The Future Fund has sold more than a quarter of its Telstra shares, according to today’s Age. That’s interesting. The most underused word in investing is “sell.” If you don’t sell, you can’t make a profit. We’ve been working with Swarm Trader Gabriel Andre to see if buying and selling the blue chips is more profitable than buying and holding.
Of course it’s impossible to tell based on the results of a couple of months of testing if trading the big stocks is a better retirement strategy than simply buying them and forgetting them. We’ll keep you posted on the results. In the meantime, the Fund is counting on it 1.3 billion remaining shares in Telstra to help fund the pensions of Australia’s public sector. Good luck with that.
Not much happened overnight on the markets. We read in this morning’s Australian Financial Review that the Swiss government has sold its stake in UBS. UBS, meanwhile, has begun cooperating with US authorities who are cracking down on what they call tax evasion. UBS will turn the accounts in question over to the Internal Revenue Service.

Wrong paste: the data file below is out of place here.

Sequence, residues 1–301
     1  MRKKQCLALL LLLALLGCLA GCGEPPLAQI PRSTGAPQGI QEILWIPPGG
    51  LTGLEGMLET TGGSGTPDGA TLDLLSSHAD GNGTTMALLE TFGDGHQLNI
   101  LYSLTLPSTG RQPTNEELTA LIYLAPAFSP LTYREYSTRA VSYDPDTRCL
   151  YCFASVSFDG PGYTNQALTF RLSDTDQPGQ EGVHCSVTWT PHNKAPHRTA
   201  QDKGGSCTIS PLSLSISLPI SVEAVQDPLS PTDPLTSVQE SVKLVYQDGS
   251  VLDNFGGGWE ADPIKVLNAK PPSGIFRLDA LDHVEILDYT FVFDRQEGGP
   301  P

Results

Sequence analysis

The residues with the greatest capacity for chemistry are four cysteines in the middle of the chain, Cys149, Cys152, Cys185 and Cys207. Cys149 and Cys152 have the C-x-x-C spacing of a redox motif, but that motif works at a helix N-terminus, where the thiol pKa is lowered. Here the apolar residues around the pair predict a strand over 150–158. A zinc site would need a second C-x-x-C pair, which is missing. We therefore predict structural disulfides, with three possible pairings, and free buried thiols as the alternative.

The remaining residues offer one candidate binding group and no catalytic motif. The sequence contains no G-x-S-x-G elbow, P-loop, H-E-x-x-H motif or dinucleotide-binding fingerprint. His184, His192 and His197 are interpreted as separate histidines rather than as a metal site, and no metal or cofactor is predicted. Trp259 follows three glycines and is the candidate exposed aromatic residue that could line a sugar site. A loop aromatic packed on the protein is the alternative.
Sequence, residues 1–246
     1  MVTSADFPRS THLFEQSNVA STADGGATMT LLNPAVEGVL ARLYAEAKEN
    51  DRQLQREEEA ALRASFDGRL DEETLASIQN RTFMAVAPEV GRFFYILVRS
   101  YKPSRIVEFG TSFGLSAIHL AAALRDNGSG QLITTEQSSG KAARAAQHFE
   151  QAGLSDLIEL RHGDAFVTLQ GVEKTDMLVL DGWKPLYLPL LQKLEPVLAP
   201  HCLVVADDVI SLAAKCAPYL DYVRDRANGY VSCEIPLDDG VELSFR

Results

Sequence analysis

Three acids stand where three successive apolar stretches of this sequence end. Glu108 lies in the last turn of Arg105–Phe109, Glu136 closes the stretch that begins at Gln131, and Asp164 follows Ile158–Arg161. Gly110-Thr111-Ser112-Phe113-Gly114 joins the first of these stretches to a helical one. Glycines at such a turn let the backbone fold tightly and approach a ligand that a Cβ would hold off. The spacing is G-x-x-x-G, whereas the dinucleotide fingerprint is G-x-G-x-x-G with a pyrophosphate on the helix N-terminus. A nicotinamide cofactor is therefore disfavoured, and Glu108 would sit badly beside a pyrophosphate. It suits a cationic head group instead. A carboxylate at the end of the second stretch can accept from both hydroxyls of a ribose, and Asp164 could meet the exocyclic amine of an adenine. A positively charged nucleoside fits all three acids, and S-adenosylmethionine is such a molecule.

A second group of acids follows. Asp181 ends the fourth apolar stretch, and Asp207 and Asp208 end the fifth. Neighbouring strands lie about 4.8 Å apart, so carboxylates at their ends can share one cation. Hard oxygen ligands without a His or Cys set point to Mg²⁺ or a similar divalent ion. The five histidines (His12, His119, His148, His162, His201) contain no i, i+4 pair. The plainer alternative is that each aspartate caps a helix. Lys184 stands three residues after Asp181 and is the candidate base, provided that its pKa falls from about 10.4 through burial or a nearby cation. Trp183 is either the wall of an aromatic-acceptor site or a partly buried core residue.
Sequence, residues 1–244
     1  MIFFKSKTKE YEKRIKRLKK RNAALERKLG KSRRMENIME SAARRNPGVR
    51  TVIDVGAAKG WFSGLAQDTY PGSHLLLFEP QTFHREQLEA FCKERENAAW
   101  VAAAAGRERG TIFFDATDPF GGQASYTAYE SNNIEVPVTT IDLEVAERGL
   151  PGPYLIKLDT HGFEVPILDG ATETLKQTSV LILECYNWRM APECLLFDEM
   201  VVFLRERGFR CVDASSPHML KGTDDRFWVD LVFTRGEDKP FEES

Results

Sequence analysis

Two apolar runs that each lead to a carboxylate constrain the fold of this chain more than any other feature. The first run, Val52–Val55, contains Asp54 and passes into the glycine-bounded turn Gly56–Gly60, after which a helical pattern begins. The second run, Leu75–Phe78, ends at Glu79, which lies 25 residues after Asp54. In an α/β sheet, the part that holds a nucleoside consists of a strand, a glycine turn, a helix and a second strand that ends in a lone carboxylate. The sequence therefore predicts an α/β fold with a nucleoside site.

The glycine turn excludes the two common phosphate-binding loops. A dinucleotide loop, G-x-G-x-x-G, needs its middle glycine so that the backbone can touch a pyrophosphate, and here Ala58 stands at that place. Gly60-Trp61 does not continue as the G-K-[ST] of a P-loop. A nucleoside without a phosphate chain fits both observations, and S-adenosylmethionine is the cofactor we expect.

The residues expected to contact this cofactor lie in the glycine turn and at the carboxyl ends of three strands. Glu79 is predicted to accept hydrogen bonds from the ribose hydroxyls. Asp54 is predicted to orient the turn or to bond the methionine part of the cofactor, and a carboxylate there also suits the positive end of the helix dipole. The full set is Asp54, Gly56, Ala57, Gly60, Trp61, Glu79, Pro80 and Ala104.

And so we begin the inevitable path toward capital controls in America. This first step is to crack down on tax evaders. The next is to prevent capital and currency from leaving the country. When the government is starved for revenue and refuses to cut spending, they have to prevent people from switching out of dollars and into other currencies or assets.
This highlights what many people are now saying openly: the end is near for the U.S. dollar as the world’s preferred reserve currency. The dollar isn’t going away, of course. But already the Chinese have set up currency swaps to conduct bi-lateral trade with larger trading partners. These transactions are outside the dollar.
There is more to say about this. But your editor is hard at work on the weekly update for Diggers and Drillers and will have to leave this week’s notes here. Until next week.
for The Daily Reckoning Australia